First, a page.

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Peter Hastings' Chocolate Mousse

Chocolate Mousse Day

Apr 3

Other Scottish Country Dances for this Day

Today's Musings, History & Folklore

" I, for one, would much rather swoon over a few thin slices of prime beefsteak, or one small serving of chocolate mousse, or a sliver of foie gras than indulge to the full on such nonentities as fat-free gelatin puddings."

~ Julia Child (1912-2004)

Don't fret, Julia, the days of obligatory fat-free desserts are blessedly over. Indulge in this luscious jig containing enough circles, wheels, and grand chains to froth up a virtual chocolate mousse for four couples. This most elegant of desserts was first described by Alexandre Viard, chef to Louis XVI and Napoleon, and later referred to as "mousse au chocolat" in the 1820 edition of his culinary encyclopedia, Le Cuisinier Royal. But the popularity of this tasty chocolate dessert really began to surge when the French artist Henri de Toulouse-Lautrec (1864-1901), who was also known for his culinary skills, came up with a recipe he first named “mayonnaise au chocolat.” Hmmm ... At any rate, Peter Hastings' actual deliclious recipe included with the dance cribs for your delectation and post-dance swooning! 🍫 🍫 🍫

Peter Hastings' Chocolate Mousse

The origins of chocolate mousse are relatively unknown.  Mousse, which means "foam", originated sometime in France in the 18th century.  When the ability to create blendable creamy chocolate became standard, these two concepts came together into"mousse au chocolat."  Early recipes were more pudding-like than the modern fluffy versions of today, which introduced egg whites, separated from the yolks, beaten and folded in to provide an airy texture.


Here is the recipe for Peter Hastings' Chocolate Mousse (kindly provided by Peter Hastings) along with the namesake dance!



one egg 
2oz or 50gm dark chocolate

These quantities are for one generous serving. They can be scaled up at least to 3 dozen eggs and 1800 gm of chocolate - I don't have a larger bowl than that...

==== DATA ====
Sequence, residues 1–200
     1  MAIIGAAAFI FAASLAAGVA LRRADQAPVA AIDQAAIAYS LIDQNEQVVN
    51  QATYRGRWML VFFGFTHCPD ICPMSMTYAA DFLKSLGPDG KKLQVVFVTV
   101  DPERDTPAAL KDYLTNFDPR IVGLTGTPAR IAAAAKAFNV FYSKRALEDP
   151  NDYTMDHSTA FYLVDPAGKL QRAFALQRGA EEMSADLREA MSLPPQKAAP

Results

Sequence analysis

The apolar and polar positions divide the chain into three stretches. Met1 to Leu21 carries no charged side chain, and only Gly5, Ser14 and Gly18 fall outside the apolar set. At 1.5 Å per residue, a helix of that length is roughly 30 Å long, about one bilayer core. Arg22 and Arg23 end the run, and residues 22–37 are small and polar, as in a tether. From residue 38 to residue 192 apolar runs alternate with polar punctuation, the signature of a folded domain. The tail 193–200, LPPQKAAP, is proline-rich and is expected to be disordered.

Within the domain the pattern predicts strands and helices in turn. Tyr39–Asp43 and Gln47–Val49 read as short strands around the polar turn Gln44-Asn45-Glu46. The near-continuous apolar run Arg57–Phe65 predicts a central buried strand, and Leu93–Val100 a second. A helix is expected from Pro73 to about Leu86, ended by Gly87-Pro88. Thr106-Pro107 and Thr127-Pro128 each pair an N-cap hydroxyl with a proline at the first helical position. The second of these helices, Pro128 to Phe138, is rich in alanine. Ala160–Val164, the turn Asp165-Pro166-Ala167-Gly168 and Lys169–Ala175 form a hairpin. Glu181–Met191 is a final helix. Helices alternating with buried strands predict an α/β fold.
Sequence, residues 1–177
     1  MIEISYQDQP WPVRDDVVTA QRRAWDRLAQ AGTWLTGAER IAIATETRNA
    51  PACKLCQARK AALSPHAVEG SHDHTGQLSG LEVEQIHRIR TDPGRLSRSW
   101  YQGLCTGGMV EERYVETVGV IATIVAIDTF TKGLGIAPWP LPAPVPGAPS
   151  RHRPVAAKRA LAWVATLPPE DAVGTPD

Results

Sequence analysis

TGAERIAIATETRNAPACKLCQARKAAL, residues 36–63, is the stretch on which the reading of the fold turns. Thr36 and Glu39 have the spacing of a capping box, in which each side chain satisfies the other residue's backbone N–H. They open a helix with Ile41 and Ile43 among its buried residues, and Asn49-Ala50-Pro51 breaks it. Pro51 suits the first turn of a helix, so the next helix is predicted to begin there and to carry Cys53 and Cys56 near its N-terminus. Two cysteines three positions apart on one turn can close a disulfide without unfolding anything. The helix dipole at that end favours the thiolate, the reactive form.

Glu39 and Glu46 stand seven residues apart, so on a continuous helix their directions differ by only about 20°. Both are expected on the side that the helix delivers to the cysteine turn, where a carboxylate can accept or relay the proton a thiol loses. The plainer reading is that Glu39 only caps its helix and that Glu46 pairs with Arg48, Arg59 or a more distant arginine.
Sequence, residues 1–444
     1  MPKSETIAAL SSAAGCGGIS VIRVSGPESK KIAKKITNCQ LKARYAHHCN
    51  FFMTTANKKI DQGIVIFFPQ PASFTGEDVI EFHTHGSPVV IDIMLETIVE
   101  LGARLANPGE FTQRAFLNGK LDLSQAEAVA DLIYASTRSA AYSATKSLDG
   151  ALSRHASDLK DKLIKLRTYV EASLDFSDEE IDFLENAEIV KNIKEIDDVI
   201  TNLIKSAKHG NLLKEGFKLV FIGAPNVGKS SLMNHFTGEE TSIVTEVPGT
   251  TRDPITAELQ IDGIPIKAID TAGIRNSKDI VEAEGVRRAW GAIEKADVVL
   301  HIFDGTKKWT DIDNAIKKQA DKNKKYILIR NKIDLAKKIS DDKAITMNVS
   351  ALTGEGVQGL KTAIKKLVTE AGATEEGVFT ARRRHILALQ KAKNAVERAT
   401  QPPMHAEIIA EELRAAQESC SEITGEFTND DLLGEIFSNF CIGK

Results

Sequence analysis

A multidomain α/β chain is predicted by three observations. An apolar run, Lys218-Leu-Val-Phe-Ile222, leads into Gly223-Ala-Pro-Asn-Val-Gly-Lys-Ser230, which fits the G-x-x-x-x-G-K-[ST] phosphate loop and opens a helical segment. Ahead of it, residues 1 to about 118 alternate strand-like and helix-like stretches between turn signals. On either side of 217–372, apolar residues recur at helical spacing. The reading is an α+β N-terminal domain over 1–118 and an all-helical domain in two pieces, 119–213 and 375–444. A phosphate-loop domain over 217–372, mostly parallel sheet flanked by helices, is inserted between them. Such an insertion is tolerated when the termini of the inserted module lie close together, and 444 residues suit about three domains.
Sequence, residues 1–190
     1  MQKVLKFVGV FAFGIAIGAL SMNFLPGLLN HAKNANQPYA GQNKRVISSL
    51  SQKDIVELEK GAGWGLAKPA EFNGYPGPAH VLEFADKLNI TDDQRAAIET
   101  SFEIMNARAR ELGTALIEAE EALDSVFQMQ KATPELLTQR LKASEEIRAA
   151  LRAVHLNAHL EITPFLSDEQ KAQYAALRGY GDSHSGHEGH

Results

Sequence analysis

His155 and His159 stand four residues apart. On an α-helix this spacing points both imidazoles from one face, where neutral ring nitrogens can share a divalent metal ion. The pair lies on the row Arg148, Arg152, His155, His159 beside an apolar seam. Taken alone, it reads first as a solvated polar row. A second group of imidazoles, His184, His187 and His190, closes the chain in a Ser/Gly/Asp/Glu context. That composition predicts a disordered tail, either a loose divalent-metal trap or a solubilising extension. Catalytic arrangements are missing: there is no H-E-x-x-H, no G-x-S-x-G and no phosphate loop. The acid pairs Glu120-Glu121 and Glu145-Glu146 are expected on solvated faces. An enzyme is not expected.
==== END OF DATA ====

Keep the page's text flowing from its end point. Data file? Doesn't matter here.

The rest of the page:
The chocolate I favour is the plain eating variety sold by Sainsbury, it has a cocoa solids content of 42%. Anything more and the mousse sets hard. Anything less just isn't chocolatey enough.


Melt the chocolate in the bowl in which the mousse will finally be served (unless you want to serve individual portions in, for example, wineglasses) over a pan of hot water. Alternatively, use a double boiler.

While the chocolate is melting, separate the eggs and break up the egg yolks to form a smooth liquid.

Once the chocolate is completely free of any unmelted lumps, remove from the heat and fold in the yolks to form a uniform dark brown mass. Leave this to cool while...

Beat the egg whites to a 'soft peak' consistency. If you do this with a hand whisk then the chocolate lump will cool sufficiently to allow you to immediately fold in the egg whites.

These are folded into the lump of chocolate+yolks to form a smooth deep brown liquid. When making this on a large scale (more than, say, 10 servings or so) two things should be noted. Shortly after the egg whites are added, the contents of your bowl will not smell particularly appealing - this is temporary and can be ignored. When the whole lot has formed a smooth, mid-brown, liquid keep stirring - a darker brown liquid will well up within the bowl as you stir. When this is combined with the lighter stuff you're done.

Refrigerate for two hours or so. For individual servings, a small wineglass is about right. A large glass or tumbler is too much. For a lighter mousse which is not so rich cut back a bit on the chocolate - anything down to about 1oz/25gm per egg is fine.


And for a chocolate mousse/moose of another kind, click the moose!

Peter Hastings' Chocolate Mousse

Click the dance cribs or description below to link to a printable version of the dance!

Peter Hastings' Chocolate Mousse

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